Pining for Failure in the Cloud

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I missed this info-graphic first time around, so thanks to for posting a link.  

Like all info-graphics, it makes the process of digesting rather stodgy numbers much more enjoyable. Kind of like a good glass of wine. Or custard, with a jam roly-poly (for those with fond memories of English school dinners.)

I particularly loved this info-graphic, though, because it contains a number of utterly confounding treasures. For example, 26% of companies aren’t prepared to put data covered by regulations such as HIPAA and SOX into the cloud. Wait. So that means that (does quick mental arithmetic, involving fingers and toes) 74% of companies are?
I’m a huge fan of cloud computing, and I work both in my day job and as a volunteer with the CSA to help make the cloud safer for all kinds of data – but that took me by surprise.
It gets better, though. 85% of organizations are confident in their cloud provider’s ability to provide a secure environment. Secure, I wonder, from what? Alien attack?  Giant comets? I am assuming they don’t mean every day events like hacking and insider fraud, because if 85% of cloud companies can keep that stuff from happening, they need to tell the rest of the world how they did it.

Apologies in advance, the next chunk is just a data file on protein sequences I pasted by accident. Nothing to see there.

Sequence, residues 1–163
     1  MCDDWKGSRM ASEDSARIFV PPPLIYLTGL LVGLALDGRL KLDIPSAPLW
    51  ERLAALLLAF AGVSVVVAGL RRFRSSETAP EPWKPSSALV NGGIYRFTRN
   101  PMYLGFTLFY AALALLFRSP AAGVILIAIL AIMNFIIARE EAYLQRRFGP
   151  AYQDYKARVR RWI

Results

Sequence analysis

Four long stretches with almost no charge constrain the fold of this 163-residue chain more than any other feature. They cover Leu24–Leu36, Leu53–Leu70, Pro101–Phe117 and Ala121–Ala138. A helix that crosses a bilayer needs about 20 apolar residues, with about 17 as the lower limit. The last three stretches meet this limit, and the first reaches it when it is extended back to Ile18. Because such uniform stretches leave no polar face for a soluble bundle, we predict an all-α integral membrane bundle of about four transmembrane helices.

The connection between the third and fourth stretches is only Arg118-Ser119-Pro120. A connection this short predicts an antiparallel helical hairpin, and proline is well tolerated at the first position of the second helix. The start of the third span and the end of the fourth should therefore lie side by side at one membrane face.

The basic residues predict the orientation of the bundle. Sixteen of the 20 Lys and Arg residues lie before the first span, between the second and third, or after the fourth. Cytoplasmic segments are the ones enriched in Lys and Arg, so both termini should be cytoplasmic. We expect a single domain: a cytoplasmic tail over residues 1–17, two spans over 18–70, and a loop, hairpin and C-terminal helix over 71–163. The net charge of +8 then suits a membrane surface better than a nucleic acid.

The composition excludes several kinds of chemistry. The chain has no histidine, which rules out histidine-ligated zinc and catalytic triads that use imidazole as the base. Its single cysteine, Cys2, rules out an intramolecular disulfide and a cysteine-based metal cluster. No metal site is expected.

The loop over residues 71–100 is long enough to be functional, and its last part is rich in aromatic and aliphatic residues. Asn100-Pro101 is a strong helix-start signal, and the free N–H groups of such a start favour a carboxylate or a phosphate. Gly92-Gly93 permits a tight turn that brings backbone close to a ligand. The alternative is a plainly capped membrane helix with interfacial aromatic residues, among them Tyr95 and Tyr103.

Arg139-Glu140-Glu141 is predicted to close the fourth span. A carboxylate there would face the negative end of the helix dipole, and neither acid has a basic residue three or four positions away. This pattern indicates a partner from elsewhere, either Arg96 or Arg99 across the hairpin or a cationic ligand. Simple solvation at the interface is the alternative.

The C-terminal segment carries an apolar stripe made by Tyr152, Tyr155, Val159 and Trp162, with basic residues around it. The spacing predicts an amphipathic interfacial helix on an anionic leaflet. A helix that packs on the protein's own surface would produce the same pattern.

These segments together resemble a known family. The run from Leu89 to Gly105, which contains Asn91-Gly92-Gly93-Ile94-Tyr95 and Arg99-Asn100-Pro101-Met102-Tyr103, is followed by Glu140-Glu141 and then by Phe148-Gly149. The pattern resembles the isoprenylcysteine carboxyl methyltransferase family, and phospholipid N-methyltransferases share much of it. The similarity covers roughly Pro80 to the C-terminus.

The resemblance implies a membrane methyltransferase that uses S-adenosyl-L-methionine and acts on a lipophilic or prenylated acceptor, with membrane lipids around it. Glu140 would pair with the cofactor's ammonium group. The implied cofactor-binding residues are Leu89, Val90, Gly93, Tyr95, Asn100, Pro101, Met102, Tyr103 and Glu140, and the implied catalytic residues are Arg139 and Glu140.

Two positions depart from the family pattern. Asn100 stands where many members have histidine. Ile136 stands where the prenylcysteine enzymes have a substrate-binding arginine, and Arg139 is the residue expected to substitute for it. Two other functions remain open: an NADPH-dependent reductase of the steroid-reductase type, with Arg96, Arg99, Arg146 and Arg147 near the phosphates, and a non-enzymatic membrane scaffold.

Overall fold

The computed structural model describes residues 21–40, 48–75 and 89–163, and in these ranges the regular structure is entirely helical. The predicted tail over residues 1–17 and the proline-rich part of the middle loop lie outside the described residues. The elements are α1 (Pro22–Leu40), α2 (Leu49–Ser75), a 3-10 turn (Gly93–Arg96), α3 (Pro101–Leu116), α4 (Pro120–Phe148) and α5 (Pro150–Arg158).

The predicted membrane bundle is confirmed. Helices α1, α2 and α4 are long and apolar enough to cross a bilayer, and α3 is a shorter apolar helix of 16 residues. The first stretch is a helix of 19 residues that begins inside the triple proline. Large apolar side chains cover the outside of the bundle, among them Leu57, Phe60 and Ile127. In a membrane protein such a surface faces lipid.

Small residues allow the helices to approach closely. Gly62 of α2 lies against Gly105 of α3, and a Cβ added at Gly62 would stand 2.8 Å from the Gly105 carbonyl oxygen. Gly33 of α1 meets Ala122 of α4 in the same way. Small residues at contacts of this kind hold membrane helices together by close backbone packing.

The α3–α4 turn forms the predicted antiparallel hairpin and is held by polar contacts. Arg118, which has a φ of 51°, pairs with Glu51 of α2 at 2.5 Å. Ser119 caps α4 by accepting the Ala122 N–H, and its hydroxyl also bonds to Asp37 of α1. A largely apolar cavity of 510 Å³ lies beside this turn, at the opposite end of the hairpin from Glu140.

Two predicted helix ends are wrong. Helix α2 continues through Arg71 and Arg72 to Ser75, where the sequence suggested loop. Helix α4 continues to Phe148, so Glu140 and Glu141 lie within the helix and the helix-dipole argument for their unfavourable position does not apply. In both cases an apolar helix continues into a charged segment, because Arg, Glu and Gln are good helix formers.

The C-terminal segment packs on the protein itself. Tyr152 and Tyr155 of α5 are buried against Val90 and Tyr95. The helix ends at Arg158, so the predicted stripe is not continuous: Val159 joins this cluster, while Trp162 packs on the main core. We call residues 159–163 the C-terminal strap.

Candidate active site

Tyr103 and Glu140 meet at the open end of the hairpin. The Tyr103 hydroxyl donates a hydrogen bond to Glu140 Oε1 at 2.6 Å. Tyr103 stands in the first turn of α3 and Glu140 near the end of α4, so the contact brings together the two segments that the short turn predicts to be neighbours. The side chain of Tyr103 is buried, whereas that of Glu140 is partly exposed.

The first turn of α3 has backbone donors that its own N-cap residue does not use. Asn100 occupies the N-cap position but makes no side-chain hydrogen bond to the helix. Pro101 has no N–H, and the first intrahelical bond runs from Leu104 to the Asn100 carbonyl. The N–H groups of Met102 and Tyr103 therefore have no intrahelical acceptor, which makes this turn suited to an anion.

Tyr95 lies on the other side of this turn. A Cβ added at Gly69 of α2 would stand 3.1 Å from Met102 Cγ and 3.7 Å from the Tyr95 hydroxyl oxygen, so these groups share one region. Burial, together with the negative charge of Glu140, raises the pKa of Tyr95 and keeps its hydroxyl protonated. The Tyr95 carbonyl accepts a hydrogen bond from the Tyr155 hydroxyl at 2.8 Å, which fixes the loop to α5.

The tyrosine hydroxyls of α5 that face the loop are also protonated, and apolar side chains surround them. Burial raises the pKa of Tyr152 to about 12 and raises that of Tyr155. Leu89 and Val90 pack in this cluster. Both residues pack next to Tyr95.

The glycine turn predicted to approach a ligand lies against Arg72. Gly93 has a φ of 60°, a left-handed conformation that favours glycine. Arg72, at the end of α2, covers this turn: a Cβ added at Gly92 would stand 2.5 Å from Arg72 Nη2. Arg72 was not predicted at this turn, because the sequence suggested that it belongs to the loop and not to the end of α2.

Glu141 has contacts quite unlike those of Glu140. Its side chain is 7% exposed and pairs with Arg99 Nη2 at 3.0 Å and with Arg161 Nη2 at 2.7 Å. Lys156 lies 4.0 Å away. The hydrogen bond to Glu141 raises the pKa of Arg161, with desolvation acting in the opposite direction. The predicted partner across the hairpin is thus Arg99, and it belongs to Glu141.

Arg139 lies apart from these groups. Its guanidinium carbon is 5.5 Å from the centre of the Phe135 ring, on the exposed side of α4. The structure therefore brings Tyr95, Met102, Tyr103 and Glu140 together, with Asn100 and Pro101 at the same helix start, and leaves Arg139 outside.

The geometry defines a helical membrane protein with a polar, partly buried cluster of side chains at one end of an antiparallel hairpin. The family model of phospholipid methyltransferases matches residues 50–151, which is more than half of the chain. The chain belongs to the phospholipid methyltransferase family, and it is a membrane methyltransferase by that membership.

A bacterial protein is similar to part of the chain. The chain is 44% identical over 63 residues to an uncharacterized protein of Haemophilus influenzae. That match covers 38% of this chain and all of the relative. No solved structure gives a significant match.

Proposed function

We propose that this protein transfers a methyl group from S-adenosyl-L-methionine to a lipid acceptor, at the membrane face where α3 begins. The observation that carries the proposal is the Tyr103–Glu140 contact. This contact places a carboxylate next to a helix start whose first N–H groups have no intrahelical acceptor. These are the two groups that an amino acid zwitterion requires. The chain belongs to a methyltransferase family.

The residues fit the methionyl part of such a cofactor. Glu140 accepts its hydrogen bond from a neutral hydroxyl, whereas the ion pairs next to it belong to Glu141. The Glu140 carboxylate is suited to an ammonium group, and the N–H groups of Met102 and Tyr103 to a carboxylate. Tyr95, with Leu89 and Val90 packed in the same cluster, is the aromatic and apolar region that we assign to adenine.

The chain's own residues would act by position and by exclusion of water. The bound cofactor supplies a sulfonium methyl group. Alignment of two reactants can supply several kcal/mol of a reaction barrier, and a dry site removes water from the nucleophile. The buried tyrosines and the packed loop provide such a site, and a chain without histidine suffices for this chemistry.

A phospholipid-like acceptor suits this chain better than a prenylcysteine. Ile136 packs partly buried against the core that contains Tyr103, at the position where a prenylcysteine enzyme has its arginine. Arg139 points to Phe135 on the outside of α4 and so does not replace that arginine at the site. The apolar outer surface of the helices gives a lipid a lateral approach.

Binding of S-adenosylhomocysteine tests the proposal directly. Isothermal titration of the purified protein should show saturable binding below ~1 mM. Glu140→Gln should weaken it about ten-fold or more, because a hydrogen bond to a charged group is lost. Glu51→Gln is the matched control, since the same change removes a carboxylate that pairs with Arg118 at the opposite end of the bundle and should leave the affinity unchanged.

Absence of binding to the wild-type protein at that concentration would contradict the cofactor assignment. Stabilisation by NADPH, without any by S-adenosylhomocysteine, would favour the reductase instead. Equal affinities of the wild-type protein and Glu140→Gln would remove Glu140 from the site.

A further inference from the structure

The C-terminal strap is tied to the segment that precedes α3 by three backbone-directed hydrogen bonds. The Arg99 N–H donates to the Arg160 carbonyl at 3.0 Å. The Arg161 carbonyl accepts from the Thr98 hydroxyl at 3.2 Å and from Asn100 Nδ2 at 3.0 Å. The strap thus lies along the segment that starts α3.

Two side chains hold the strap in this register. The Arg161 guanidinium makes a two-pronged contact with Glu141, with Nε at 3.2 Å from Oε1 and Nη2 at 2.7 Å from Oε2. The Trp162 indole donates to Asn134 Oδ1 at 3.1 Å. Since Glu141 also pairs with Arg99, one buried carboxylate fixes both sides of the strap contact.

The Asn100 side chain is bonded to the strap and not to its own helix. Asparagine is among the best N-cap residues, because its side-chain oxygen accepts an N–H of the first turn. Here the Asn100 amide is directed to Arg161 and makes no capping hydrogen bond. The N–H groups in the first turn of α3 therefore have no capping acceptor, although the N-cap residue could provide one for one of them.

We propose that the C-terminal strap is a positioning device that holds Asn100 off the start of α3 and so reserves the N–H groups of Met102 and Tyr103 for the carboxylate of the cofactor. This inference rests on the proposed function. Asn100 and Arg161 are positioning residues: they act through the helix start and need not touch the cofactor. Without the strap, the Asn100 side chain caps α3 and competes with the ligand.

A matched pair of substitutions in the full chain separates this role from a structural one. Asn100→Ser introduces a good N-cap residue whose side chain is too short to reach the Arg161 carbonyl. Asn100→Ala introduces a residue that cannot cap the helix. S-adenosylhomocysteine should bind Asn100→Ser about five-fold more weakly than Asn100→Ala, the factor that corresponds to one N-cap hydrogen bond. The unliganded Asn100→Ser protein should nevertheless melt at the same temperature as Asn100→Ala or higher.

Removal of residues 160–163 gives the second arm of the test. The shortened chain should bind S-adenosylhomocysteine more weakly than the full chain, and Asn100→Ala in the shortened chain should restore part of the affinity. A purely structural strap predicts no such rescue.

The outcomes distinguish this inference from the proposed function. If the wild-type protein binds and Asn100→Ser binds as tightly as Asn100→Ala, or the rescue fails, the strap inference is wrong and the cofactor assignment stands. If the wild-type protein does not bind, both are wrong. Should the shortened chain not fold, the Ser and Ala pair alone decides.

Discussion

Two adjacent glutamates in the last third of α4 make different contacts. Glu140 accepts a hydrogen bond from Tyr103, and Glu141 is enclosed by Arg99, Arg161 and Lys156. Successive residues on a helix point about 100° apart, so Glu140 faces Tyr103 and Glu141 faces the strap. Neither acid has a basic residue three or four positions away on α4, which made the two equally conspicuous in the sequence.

Look, rather than spoil the whole thing, I’d suggest you go for a stroll down the list yourself. It’s good stuff, if only because it is a very telling peek into the mind of companies that use the cloud, and their level of trust that the whole thing will come out right in the end.
Speaking of the end, the last stat was the best (of course).
45% of IT Pros say their biggest cloud security concern is the lack of a perimeter defenses and/or network control.
Ah yes. The good old perimeter. Because, you know, perimeter defenses have worked so well in the past. I understand their point – the cloud takes the idea of perimeter-based defenses and not only shreds them, it sets them on fire and then dumps the ashes somewhere in the middle of the Atlantic. But that should be something we’re learning to live with, not pining for.
Perimeter defenses are the poster child for infrastructure-based security thinking. Yes you need them, but they don’t keep everyone out, and they can’t save you at all once the attacker is in. There are a lot of things we need to worry about when it comes to sensitive data in the cloud (I’m talking to you, 74% of folks storing sensitive data in the cloud) but a hankering for an approach that didn’t work the first time you tried it isn’t going to help.

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